Middle-Earth Midrash: A Jewish View of The Hobbit (part 1)
December 11, 2013 at 9:03 am, by noamsienna
Note: the printed book The Hobbit (1994 edition) is indicated by an italicized title, while Peter Jackson’s 2012 film “The Hobbit: An Unexpected Journey” is referred to with quotation marks.
“According to the Nature of the Dwarves”: An Introduction to Dwarves and Jews
On my way home from seeing “The Hobbit: An Unexpected Journey” (the first of a trilogy based on J. R. R. Tolkien’s The Hobbit) with my brothers, I remarked to them that I thought the Dwarves seemed rather… Jewish. “Because they’re short and hairy? Nice try,” they responded. Attempting to convince them, I marshaled my evidence: “Doesn’t the quest to reclaim the ancestral Dwarvish homeland remind you of something? A once-proud people wandering as exiles across a hostile diaspora? And how about their Hebrew-sounding language?” The clincher of my argument was the “Blunt the Knives” scene: a group of close friends singing and banging on tables as they clean up after a hearty meal? Only too familiar to anyone who has attended a Jewish summer camp, Jewish day school, or a campus Hillel dinner.
With the release of “The Hobbit”, long-time Tolkien fans and newcomers alike can once again enjoy the suspense and epic thrill of Middle Earth (unless, of course, they are too outraged at the numerous changes from book to film — a topic for another time). This time, as the dwarves take centre stage, others are noticing the pseudo-Semitic aspects of Dwarvish culture (see, for example, Matt Lebovic’s recent article in the The Times of Israel; Seth Rogovoy’s article in The Forward, Rabbi Jeffrey Saks’ post on the Hirhurim blog, or Edmon Rodman’s piece in The Times of Israel). These range from the trivial: Durin’s Day, the Dwarvish new year, celebrated around the autumn equinox (The Hobbit, pg. 51), to the significant: Thorin’s quest to unite the scattered Dwarvish people and reclaim their ancestral homeland, and even to what some might see as tropes disturbingly close to medieval European anti-Semitism: the Dwarves’ deep love (lust?) of gold and gems and their bitter mistrust of outsiders.
While I do not believe Tolkien intended The Hobbit to reinforce these anti-Semitic canards, it is fairly clear that the dwarves are modeled after the Jews. Tolkien himself said in an interview with the BBC in 1964 (broadcast in 1971), “The dwarves of course are quite obviously — wouldn’t you say that in many ways they remind you of the Jews?” Their wandering ways, working as tinkers and jewelers, moneylenders and mercenaries, are indeed reminiscent of the Jewish experience. And the dwarves’ love of gold is meant, I believe, as part of his general musings on the dangerous power of our desires rather than a targeted piece of anti-Semitism (but Brackmann 2010 argues that Tolkien unconsciously drew on anti-Semitic beliefs in his portrayal of dwarves, and over time returned to the issue and attempted to revise his thinking). In this essay I will first lay out a few of the Jewish parallels in The Hobbit, and then suggest some Jewish lessons that The Hobbit reinforces.
It is also worth noting that Tolkien himself was vehemently opposed to the anti-Semitism spreading in Nazi Europe. When a German translation was being prepared in 1938, his publishers forwarded a request from Germany inquiring into his genealogy. He wrote to his publishers, saying:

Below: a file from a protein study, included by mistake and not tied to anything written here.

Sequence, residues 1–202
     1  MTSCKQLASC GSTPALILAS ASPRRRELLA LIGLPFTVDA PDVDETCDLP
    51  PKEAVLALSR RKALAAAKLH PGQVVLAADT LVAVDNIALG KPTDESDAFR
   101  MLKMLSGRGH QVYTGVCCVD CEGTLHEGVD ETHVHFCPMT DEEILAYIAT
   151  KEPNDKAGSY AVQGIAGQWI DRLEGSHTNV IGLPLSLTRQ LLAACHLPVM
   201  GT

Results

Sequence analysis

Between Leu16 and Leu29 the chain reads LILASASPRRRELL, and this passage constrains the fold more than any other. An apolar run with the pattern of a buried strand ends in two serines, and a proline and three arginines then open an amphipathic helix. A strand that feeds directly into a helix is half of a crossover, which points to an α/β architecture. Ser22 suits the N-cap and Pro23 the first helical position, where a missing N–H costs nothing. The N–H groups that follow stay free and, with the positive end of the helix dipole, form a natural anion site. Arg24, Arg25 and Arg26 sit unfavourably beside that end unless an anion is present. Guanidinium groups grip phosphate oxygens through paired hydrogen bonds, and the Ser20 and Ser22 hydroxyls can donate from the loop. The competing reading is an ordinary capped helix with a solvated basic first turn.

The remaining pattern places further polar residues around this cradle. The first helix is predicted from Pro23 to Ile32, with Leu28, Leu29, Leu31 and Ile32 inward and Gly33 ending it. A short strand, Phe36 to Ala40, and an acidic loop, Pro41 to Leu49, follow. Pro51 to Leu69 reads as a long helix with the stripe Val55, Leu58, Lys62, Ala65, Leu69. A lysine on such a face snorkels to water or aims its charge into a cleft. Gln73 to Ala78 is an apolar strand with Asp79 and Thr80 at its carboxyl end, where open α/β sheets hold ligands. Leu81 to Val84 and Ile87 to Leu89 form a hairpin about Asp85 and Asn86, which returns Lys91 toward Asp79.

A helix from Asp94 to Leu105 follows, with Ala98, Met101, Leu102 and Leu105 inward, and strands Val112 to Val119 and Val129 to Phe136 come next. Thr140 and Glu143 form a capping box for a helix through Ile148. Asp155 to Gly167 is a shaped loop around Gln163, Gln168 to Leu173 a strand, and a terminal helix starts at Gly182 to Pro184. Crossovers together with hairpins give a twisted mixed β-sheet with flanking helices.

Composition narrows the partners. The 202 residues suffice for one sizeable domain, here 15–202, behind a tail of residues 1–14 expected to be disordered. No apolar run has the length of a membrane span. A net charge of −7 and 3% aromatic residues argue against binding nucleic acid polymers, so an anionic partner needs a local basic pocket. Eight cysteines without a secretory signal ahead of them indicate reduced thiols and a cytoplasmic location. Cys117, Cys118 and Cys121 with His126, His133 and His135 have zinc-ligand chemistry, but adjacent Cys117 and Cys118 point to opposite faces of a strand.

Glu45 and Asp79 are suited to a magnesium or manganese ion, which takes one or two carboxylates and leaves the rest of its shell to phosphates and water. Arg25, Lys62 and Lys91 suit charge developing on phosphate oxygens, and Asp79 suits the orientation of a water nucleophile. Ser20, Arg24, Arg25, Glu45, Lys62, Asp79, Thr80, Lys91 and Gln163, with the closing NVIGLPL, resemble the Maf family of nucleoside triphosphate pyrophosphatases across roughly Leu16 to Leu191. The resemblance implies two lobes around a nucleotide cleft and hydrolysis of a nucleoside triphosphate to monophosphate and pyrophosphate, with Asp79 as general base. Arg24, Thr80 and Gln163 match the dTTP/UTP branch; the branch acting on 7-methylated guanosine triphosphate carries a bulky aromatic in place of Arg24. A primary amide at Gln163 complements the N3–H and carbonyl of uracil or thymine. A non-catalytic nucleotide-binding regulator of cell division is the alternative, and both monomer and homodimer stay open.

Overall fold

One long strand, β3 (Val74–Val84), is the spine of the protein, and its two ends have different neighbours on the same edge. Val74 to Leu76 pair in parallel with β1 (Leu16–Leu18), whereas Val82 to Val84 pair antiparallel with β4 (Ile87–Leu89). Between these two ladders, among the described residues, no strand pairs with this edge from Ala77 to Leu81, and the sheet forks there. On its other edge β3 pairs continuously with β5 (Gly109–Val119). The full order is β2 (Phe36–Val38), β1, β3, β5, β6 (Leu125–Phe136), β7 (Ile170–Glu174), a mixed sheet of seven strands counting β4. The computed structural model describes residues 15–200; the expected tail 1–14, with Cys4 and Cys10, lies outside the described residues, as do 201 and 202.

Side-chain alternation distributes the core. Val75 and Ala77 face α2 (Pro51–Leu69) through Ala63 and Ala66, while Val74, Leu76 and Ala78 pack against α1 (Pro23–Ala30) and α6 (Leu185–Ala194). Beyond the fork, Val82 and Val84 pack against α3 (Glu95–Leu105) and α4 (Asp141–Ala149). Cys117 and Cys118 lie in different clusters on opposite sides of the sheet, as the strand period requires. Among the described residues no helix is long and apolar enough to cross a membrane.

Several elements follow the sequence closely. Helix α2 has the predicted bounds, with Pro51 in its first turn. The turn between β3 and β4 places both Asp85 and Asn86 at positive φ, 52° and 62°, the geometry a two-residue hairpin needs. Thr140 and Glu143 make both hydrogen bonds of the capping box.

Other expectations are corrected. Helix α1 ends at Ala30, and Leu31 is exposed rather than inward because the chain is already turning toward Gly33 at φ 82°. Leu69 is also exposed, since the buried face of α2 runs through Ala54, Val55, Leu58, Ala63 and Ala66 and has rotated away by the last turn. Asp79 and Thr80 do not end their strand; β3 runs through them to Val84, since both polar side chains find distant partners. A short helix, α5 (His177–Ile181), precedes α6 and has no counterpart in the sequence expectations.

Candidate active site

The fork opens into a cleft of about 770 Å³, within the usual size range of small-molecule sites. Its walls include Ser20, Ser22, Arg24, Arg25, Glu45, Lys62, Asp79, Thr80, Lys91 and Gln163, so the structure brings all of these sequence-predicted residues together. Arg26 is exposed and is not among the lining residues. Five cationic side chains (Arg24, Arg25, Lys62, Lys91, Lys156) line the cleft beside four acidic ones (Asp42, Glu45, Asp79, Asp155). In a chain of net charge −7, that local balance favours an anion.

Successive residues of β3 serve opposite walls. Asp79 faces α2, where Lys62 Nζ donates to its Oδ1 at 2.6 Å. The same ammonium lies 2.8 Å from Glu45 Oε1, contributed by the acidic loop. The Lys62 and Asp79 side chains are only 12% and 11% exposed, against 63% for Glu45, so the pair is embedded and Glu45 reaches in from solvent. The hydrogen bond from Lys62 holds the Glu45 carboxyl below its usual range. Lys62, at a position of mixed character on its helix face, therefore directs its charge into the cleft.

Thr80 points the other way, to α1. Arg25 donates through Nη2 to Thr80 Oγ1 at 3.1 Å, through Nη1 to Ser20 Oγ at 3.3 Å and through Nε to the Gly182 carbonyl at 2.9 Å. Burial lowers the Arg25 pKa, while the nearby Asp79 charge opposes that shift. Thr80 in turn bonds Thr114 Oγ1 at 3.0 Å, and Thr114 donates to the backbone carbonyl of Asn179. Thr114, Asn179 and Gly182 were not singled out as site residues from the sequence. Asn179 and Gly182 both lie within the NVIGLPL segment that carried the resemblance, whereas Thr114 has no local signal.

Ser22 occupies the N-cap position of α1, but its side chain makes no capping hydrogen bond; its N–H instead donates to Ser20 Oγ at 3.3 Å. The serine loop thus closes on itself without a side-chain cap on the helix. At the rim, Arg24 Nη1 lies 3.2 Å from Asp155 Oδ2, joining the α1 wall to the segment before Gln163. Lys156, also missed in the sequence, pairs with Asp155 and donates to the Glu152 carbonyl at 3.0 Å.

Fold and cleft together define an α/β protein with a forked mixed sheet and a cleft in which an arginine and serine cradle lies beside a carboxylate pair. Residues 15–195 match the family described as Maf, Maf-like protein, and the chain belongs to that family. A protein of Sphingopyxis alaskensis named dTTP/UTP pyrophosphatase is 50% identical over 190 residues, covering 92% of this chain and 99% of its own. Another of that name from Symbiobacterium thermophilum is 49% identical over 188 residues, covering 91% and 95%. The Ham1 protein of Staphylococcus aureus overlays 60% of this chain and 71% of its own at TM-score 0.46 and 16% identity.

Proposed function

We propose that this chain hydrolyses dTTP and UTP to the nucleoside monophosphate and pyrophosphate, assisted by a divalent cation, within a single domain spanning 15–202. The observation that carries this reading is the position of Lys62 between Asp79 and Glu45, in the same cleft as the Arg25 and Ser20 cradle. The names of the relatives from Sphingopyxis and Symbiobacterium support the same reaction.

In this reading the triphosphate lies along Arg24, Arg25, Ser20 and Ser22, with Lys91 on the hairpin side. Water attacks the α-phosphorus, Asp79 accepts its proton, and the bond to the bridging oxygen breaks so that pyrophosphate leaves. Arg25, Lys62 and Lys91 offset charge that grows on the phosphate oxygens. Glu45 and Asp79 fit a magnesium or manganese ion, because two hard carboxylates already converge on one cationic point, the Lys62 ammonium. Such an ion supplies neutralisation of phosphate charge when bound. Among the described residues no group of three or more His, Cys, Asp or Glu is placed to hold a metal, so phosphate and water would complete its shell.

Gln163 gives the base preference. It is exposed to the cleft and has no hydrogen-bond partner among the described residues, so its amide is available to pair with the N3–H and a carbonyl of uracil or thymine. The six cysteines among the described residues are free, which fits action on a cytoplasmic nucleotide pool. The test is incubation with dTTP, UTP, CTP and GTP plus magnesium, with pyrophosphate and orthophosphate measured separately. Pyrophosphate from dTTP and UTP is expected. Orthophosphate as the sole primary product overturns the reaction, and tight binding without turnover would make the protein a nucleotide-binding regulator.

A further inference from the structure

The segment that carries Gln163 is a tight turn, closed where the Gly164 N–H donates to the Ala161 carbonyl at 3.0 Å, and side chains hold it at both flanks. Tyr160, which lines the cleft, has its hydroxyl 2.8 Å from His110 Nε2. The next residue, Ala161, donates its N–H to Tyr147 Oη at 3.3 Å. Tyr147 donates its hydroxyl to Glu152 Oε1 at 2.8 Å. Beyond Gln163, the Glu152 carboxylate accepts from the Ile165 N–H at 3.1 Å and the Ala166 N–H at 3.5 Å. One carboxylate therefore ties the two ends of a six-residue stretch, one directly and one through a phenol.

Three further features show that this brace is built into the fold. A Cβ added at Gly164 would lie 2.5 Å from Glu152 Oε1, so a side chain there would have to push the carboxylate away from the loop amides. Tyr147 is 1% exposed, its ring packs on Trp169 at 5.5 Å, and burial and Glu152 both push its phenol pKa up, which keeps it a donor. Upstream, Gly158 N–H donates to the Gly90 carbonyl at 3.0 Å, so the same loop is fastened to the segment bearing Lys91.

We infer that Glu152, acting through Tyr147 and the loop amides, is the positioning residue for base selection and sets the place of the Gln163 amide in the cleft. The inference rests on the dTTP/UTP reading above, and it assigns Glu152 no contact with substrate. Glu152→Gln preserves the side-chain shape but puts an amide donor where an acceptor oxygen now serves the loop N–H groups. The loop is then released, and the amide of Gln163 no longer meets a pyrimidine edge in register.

I must say that the enclosed letter from Rütten & Loening is a bit stiff. Do I suffer this impertinence because of the possession of a German name, or do their lunatic laws require a certificate of arisch [Aryan] origin from all persons of all countries?… Personally I should be inclined to refuse to give any Bestatigung [confirmation of Aryan ancestry] (although it happens that I can), and let a German translation go hang. In any case I should object strongly to any such declaration appearing in print. I do not regard the (probable) absence of all Jewish blood as necessarily honourable; and I have many Jewish friends, and should regret giving any colour to the notion that I subscribed to the wholly pernicious and unscientific race-doctrine… I submit two drafts of possible answers.
One unsent draft has survived, which begins: “Thank you for your letter… I regret that I am not clear as to what you intend by arisch. I am not of Aryan extraction: that is Indo-Iranian; as far as I am aware noone [sic] of my ancestors spoke Hindustani, Persian, Gypsy, or any related dialects. But if I am to understand that you are enquiring whether I am of Jewish origin, I can only reply that I regret that I appear to have no ancestors of that gifted people” (Letters of J. R. R. Tolkien, 1995, pp. 37-38; emphasis in original).
In his BBC interview, Tolkien expanded on his association between Dwarves and Jews, saying that “[the dwarves’] words are Semitic obviously, constructed to be Semitic.” Like Hebrew, the Dwarvish language, Khuzdul, has words based on consonant roots and with grammatical structures (like noun construct phrases and verb conjugations; for more, see the analysis of Khuzdul by Magnus Åberg in Arda Philology, 2007). And moreover, like Hebrew, Khuzdul had become a liturgical language, replaced in common speech by the local vernaculars but zealously preserved as sacred Dwarvish heritage. In an appendix to The Return of the King, Tolkien writes (note even the two sets of names!):
“It was according to the nature of the Dwarves that, travelling and labouring and trading about the lands, as they did after the destruction of their ancient mansions, they should use the languages of Men among whom they dwelt. Yet in secret (a secret which unlike the Elves, they did not willingly unlock, even to their friends) they used their own strange tongue, changed little by the years; for it has become a tongue of lore rather than a cradle-speech, and they tended it and guarded it as a treasure of the past. Few of other race have succeeding in learning it… Gimli’s own name, however, and the names of all his kin, are of Northern (Mannish) origin. Their own secret and ‘inner’ names, their true names, the Dwarves have never revealed to anyone of alien race.” (The Return of the King, Appendix F)
Tolkien wrote in a letter to his friend Naomi Mitchison that the dwarves were “at once natives and aliens in their habitations, speaking the languages of the country, but with an accent due to their own private tongue” (1995, pg. 229) — a description that could perfectly fit the diasporic Jewish experience. Wandering everywhere, the Dwarves, like Jews, become the quintessential outsiders. In “An Unexpected Journey”, when Bilbo defends his decision to leave the company and go home, he tells Bofur: “You’re dwarves! You’re used to this life, to living on the road, never settling in one place, not belonging anywhere!” After a pause he adds “I’m sorry…” but Bofur sadly agrees, “No, you’re right. We don’t belong anywhere.”